For the Birds Radio Program: Ivory-billed Woodpecker
Tonight Duluth Audubon will hear from Jim Fitzpatrick about the Cornell Lab of Ornithology’s 1935 expedition to record Ivory-billed Woodpeckers, and about their much more recent acoustic monitoring in an attempt to find any survivors or verify that they are truly gone.
I saw my last hummingbird in my yard on August 28, and have been feeling rather bereft, but yesterday a young female turned up at my feeder and visited several times throughout the day. That perked me right up, and gives me hope of a reprieve from the long hummingbird-less season for a few more days. But it also made me think of how difficult it is to know when one has really seen the last of a bird for a season, or forever.
The Ivory-billed Woodpecker, a species I can’t even dream about seeing, is probably extinct. Or is it? Arthur A. Allen and Peter Paul Kellogg of the Cornell Laboratory of Ornithology went deep into the swamps of Louisiana in 1935 to film and record Ivory-billed Woodpeckers—their recording is the one you’re hearing right now. Other than that sighting, the last universally accepted photos of Ivory-billed Woodpeckers in the United States were taken by James Tanner in 1938, and the last photos of it in Cuba were taken in 1948. There were a few documented sightings in the 1950s and 60s, without photos or recordings or other corroborative evidence, and there have been occasional tantalizing reports since then from several states, the last in 1999 in the Pearl River Swamp of southeastern Louisiana. And so early in 2002, researchers from the Cornell Laboratory of Ornithology installed 12 acoustic recording units in various spots in the area. The recorders were sound activated, and left on throughout the spring. But when the sound was analyzed, researchers could hear no evidence whatsoever of even a single Ivory-bill.
Of course, before Europeans settled in America, Ivory-bills were found in Missouri, southern Illinois, Indiana, and Ohio down to Florida through Texas. One was shot in the Okefenokee Swamp of Georgia in 1913. Allen and Kellogg shot a pair of them in 1924 in central Florida. They were never abundant, but were common enough that Ivory-billed skulls and beaks were traded rather regularly by native people.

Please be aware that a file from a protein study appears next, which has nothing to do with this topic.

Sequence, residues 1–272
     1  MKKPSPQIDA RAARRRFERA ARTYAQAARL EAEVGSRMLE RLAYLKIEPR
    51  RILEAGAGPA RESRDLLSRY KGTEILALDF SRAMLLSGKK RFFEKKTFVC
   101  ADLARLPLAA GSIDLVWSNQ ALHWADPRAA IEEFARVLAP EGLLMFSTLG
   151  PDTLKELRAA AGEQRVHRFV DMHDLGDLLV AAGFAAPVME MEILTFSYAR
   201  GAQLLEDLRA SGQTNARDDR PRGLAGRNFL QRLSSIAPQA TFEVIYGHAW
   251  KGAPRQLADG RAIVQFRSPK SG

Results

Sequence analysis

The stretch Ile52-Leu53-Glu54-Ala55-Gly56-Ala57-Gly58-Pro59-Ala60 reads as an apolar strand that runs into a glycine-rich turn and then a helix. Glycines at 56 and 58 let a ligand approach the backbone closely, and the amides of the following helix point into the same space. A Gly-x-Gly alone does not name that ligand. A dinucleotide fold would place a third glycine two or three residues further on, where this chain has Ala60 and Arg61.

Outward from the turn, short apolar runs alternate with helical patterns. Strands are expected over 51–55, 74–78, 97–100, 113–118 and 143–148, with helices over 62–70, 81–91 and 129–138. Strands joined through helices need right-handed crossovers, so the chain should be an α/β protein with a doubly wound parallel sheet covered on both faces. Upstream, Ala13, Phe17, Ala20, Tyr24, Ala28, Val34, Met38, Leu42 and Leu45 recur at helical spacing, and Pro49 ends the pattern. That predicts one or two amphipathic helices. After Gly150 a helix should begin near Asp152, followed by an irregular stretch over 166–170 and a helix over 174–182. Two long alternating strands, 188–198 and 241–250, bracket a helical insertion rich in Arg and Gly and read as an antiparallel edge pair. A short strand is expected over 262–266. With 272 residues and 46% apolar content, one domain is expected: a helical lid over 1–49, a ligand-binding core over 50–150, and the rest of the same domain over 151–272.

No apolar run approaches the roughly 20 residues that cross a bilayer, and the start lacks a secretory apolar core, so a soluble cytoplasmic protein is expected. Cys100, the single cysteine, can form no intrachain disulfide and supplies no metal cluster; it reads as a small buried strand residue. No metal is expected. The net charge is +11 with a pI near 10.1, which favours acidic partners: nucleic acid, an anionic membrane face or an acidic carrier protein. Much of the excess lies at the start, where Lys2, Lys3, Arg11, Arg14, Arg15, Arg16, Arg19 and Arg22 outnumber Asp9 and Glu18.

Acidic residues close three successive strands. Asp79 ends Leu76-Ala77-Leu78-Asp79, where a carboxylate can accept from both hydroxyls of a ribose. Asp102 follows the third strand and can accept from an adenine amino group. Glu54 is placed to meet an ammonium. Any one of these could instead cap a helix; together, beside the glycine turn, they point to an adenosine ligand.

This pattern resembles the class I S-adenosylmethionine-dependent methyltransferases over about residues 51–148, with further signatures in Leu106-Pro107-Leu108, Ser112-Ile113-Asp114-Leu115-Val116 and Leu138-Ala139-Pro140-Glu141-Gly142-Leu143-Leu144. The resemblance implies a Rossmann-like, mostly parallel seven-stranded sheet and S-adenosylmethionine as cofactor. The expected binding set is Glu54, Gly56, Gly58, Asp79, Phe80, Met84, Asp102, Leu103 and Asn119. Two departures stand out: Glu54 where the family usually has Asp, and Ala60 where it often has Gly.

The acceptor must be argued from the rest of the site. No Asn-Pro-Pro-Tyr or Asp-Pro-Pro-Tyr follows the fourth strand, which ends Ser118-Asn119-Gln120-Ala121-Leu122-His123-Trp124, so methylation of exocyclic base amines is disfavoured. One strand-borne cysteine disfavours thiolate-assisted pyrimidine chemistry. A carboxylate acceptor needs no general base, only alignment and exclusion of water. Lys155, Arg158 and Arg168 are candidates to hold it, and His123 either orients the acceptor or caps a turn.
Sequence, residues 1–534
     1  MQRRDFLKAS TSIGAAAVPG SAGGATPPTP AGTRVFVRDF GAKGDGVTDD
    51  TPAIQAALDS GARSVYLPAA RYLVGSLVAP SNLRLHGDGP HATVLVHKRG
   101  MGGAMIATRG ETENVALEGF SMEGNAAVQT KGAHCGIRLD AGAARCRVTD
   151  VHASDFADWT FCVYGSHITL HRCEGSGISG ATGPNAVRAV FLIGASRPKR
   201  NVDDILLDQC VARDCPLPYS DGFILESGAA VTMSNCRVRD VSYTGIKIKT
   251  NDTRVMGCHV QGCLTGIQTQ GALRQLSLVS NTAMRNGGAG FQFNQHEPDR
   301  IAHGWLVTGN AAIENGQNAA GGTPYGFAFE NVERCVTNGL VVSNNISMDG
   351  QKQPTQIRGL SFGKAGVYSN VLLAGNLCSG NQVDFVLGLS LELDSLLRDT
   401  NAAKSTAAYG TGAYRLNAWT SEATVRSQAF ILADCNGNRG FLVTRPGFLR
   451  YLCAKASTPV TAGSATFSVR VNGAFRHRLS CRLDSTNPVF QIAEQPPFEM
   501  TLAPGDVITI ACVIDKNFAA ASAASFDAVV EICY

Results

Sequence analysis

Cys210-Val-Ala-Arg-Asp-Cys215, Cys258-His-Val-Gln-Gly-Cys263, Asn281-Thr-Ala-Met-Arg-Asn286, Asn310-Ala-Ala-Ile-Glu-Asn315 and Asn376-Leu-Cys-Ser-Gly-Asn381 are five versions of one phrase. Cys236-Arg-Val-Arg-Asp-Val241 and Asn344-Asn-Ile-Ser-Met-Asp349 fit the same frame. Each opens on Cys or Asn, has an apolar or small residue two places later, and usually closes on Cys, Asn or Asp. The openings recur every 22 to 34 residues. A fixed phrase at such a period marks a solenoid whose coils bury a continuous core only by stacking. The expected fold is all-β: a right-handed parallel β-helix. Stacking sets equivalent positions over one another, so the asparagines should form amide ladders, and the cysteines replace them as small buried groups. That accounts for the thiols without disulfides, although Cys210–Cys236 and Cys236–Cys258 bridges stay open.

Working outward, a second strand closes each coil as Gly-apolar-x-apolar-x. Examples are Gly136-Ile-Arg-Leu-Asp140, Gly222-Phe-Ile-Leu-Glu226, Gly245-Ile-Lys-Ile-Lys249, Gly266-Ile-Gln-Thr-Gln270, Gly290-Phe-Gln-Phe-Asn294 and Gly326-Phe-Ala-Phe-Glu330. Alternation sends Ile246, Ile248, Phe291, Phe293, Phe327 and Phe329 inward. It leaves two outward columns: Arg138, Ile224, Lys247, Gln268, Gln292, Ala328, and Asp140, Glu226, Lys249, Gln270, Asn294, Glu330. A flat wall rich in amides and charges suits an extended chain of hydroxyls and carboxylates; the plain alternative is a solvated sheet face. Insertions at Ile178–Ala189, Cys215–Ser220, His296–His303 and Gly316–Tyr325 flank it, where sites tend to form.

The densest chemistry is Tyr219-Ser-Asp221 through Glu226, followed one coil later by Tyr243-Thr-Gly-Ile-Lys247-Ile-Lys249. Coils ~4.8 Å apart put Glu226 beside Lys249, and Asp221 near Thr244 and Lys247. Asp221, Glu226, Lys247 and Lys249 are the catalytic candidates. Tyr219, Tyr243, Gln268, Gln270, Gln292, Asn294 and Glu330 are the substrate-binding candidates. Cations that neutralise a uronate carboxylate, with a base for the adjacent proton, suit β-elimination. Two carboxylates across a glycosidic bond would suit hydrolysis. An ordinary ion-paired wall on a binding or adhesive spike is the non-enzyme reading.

Ivory-billed Woodpeckers were wiped out by shooting and, even more critically, by habitat loss during settlement of the eastern United States. These birds required not just mature hardwood bottomlands but genuine old growth, with the rich insect life associated with decaying old forests. Losing this magnificent bird has left a hole in our planet that can never be repaired. But how can we be certain it’s really gone, and what difference does it make? If there is credible evidence that the species still exists, then habitat must be protected. If it’s extinct, then there’s no reason to protect its specific habitat needs. So if there’s a chance these wonderful birds still exist on the planet, it’s worth proving it. And that’s exactly what researchers at the Cornell Lab were trying to do.
Tonight, Duluth Audubon Society is sponsoring a program by Jim Fitzpatrick, director of the Carpenter Nature Center, about the Ivory-billed Woodpecker. Jim’s brother is the director of the Cornell Laboratory of Ornithology, and so he knows exactly what’s been going on with research to find Ivory-bills. And he’ll be showing film clips of the Cornell expedition to see these birds in 1935. The program will be part of Audubon’s monthly meeting, tonight at 7, at Peace Church in Duluth—it’s at 11th Street and 11th Avenue East—you can remember that because Armistice Day is 11-11. It promises to be a fascinating program, and the public is invited. And it’s free.